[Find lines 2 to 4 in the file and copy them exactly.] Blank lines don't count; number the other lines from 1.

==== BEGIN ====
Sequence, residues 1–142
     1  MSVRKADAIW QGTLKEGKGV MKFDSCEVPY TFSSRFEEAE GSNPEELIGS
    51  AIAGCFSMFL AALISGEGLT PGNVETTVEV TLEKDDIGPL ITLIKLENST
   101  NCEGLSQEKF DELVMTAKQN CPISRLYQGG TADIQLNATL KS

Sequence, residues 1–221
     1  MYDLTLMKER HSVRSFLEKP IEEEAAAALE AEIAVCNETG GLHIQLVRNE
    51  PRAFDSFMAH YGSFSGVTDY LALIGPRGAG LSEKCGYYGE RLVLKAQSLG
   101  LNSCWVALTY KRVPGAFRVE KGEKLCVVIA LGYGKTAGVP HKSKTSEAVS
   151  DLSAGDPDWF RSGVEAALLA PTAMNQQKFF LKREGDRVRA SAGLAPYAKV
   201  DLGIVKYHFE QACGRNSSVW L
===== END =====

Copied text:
     1  MSVRKADAIW QGTLKEGKGV MKFDSCEVPY TFSSRFEEAE GSNPEELIGS
    51  AIAGCFSMFL AALISGEGLT PGNVETTVEV TLEKDDIGPL ITLIKLENST
   101  NCEGLSQEKF DELVMTAKQN CPISRLYQGG TADIQLNATL KS